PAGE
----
The areas ISIS holds in the north are far more populated than Anbar in the southwest, and largely by Arab Sunnis that have sharply competing claims from the Iraqi Kurds. At the same time, they are populations that will never be loyal or stable if they feel Iraq’s central government and oil wealth are dominated by Shiites and Iran at their expense. As a recent Crisis Group report on the Iraqi Kurds shows, the Kurds themselves are deeply divided, and present major problems in creating some kind of stable government and life in the north.
Mosul and Ninewa, not Ramadi and Anbar, are the strategic prize that is the key to Iraqi unity, and creating some form of federalism that gives Iraq’s Sunnis status and security. But, this fact reveals a gaping hole in U.S. strategy. No one in the Obama administration has ever explained how the Iraqi Army can both liberate and secure Mosul and Ninewa if the civil war in Syria continues just across the border, and if ISIS or some other form of Sunni Jihadist movement remains active. There is no solution to Iraq without a solution to Syria, and sporadic bombing and training up to 15,000 volunteers over the next three years is scarcely going to do anything to provide such a solution.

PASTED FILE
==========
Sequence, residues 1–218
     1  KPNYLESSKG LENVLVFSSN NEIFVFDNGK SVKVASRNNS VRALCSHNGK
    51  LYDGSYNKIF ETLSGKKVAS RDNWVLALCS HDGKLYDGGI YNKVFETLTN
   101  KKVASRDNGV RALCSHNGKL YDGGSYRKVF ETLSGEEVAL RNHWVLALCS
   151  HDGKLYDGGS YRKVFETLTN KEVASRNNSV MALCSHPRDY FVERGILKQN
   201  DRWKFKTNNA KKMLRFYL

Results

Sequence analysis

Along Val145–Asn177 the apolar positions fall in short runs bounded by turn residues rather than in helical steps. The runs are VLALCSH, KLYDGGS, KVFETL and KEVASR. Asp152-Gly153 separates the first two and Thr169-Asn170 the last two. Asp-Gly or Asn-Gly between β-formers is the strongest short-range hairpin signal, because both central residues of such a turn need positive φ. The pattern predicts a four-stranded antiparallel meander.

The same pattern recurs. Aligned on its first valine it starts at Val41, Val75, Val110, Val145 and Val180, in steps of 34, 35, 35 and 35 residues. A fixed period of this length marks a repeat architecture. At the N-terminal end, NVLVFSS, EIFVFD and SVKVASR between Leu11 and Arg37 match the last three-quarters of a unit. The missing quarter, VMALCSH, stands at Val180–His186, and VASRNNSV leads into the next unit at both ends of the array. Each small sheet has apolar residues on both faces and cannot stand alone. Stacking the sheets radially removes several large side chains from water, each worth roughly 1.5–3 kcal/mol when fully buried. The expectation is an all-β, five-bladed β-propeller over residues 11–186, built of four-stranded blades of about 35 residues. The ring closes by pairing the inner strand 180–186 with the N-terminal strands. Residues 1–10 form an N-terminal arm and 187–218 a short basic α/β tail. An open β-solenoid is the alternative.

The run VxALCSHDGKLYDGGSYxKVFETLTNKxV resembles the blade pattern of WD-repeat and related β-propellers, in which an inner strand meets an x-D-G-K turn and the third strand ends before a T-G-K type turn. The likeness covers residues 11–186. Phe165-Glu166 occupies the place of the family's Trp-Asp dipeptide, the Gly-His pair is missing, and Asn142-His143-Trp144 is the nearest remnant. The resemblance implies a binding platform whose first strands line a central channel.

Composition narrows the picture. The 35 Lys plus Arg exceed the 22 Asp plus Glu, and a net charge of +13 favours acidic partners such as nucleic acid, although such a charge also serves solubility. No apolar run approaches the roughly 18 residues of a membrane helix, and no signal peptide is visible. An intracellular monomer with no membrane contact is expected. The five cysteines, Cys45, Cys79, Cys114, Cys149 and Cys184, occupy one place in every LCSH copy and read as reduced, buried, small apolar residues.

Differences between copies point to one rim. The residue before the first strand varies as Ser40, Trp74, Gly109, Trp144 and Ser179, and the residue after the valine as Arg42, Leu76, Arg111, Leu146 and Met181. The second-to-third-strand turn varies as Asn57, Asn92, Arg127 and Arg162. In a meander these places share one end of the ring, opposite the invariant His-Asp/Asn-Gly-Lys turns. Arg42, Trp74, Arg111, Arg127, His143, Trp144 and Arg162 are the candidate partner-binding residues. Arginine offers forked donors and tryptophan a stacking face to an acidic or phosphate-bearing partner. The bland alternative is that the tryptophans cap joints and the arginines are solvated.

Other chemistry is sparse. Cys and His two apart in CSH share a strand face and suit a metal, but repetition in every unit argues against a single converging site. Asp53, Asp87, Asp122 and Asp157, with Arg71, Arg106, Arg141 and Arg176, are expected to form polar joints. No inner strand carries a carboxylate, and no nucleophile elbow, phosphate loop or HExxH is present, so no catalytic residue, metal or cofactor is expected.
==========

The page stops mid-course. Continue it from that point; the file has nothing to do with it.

And this brings us to a far broader problem in the Obama administration’s approach. As is the case with Afghanistan and earlier with Yemen, the administration has failed to provide any honest transparency about the impact of the limits to its present strategy, the train and assist mission, the real world course of the fighting, and the risks and cost benefits of the present form of U.S. military intervention. There have been no substantive plans, risk assessments, or progress reporting – just spin, positive claims and vacuous reports like that of the lead inspector general over the conflict, which totally failed to say anything meaningful about the progress of the war.
It is all too clear that the present U.S. air and train and assist campaigns are not enough. What is totally unclear is that administration has a viable strategy, that the risks of becoming involved in Iraq’s deep divisions and the Syrian civil war can be overcome, and that the administration is prepared to be honest in presenting the cost-benefits and risks to either the American people or the Congress.